Road trip to Utah reveals astounding natural beauty |

Road trip to Utah reveals astounding natural beauty

Karl Horeis
A pair of hikers make their way past some of the impressive rocks in Zion Canyon National Park in southwest Utah. At top left is Angels Landing, accessible to hikers via a 2.5 mile trail that climbs 1,700 feet.

ZION NATIONAL PARK, Utah – The best vehicle from which to see Zion National Park is a convertible. Unless it’s raining, a roof on your car will just get in the way.

During a Utah rock-climbing trip at the end of March, I drove Zion’s scenic loop for the first time. With massive rock formations looming over my rental car, I had to lean over the steering wheel to see them. Eyes pointing skyward, car veering slowly into oncoming traffic, I mumbled in disbelief, “Absolutely amazing.”

I had arrived the night before, after the long drive from Carson City. My friends said to find the message board at the main visitor’s center for the location of our camp.

There was no such thing. Jacked up on energy drinks and Red Vines, I jogged around the buildings with a headlamp. Actually I already knew where they were – they had also left a phone message. But I was too excited to go straight to the quiet camp. When I awoke along the Virgin River the next morning I was dumbfounded by the astronomical features and divine natural beauty. I couldn’t believe we were allowed to camp there.

During my first rock climb of the season, out-of-practice and hauling a layer of winter fat, my arms were failing 40 feet up. It was a “lay back” where you have to lean to one side and grip a vertical edge. My legs started doing the sewing machine – jiggling uncontrollably as they max out. Sweaty hands slipped. I was 6 feet above my last piece of protection. I was so jazzed when I reached the top I couldn’t help but shout a barbaric “YAALP!”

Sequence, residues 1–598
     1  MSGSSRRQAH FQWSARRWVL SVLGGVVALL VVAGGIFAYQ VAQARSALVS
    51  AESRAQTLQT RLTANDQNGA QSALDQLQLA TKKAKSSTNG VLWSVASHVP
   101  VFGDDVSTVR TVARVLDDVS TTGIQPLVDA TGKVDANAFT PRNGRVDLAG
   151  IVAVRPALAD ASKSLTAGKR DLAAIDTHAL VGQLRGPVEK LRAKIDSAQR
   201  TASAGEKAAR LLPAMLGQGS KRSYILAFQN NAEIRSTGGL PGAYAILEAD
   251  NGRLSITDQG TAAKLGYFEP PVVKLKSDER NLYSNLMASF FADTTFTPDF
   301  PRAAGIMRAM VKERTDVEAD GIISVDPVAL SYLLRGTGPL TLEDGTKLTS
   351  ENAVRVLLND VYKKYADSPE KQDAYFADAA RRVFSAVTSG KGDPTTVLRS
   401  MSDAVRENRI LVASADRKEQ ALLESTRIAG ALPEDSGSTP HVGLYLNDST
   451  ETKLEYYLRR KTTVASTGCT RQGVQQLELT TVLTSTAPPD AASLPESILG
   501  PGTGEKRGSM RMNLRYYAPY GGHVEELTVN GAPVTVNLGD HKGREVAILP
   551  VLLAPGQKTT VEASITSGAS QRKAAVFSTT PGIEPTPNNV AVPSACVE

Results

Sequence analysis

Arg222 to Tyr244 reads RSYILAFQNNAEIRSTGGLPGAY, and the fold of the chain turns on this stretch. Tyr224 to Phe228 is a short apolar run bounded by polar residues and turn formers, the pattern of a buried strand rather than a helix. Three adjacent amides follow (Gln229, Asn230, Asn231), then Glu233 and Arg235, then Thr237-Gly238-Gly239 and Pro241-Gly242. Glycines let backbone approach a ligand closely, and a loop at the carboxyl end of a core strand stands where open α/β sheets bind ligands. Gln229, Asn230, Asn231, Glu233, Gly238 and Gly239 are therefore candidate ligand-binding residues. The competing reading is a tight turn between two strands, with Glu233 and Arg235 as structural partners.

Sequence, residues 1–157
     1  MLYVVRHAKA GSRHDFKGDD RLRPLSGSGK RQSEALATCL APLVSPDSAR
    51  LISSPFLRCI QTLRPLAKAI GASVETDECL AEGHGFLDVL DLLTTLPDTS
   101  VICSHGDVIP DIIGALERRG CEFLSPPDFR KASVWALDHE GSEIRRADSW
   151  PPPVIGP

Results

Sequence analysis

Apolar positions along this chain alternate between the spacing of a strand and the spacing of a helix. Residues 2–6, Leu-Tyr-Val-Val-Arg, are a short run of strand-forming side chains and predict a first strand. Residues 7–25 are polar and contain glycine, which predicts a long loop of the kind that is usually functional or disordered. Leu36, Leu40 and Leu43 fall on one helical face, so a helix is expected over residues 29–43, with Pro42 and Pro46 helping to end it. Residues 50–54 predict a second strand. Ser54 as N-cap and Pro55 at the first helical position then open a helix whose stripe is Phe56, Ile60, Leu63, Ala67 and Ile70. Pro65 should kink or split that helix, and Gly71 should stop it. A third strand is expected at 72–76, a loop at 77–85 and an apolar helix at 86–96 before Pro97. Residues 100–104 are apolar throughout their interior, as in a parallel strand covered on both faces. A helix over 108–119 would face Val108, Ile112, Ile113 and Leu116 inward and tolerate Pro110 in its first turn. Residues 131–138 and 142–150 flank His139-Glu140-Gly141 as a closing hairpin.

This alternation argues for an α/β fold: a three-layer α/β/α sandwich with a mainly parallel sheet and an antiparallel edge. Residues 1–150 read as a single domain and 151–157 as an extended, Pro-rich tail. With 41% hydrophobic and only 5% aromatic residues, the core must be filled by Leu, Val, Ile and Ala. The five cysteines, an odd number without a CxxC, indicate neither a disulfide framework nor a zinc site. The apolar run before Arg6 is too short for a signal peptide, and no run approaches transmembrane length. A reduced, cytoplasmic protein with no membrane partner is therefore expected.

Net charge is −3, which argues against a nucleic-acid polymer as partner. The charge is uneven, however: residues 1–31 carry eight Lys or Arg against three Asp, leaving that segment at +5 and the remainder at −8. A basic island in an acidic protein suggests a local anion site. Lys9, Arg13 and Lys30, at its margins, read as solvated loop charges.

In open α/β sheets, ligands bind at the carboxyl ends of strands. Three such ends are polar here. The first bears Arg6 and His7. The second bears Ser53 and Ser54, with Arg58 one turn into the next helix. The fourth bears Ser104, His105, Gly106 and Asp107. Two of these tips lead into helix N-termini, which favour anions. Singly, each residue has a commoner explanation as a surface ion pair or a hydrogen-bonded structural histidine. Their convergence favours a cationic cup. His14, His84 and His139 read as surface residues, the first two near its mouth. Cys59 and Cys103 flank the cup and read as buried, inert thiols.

Back on the ground I looked around and saw our climb went about one-fifth of the way up the smallest rock visible in any direction. Humbling.

After Zion we headed for Moab in east-central Utah.

On our way there we saw a morphing brown cloud on the horizon. As we approached, muddy tumble weeds rolled onto the highway. At first it was fun to try and hit them. As we went into the cloud there were so many we couldn’t avoid them. Sprinkling rain drops grew to the size of bouncy balls. We could only see 30 feet. Thank heavens we weren’t hiking or cycling. Splattered with sandy mud, tumble weeds caught in our roof rack, we rolled on to Moab.

The rapidly growing town is base camp for off-highway vehicle users and mountain bikers, but it’s also popular with rock climbers. We made our way to a place called Indian Creek. “I.C.,” as rock rats call it, is a Mecca for crack climbers.

Watching other climbers do a 130-foot crack rated “5.9” (reasonably difficult), I figured we could do it, too. My friends thought we should start with something easier. They suggested I lead a 5.7 (pretty easy) crack called “The Warm Up.” I couldn’t fit my hands into the narrow, vertical crack. Halfway up, shaking, sweating and cursing, I was trying to clip my rope into a camming device (a piece of rock climbing equipment) when I fell. A lower cam caught me. I was spent. A friend had to finish the climb.

“I told you guys we should have done that 130-footer,” I joked. “This one was cake!”

We camped for free among pines surrounded by astounding beauty. Above us were the infamous Bridger Jack Spires, featured in a recent issue of Climbing Magazine. Two men wrote about their experience climbing several of the spires in one day. Climbing a single one was far beyond my reach.

At the other end of Indian Creek’s long canyon is a petroglyph site called Newspaper Rock. It’s coated with pictures of animals, men on horseback and mystifying figures. On the way there you are dwarfed by more looming rock spires. They are bigger than they look. It’s hard to see their summits from your car – unless, of course, you have a convertible.

– Karl Horeis is a reporter for the Nevada Appeal in Carson City

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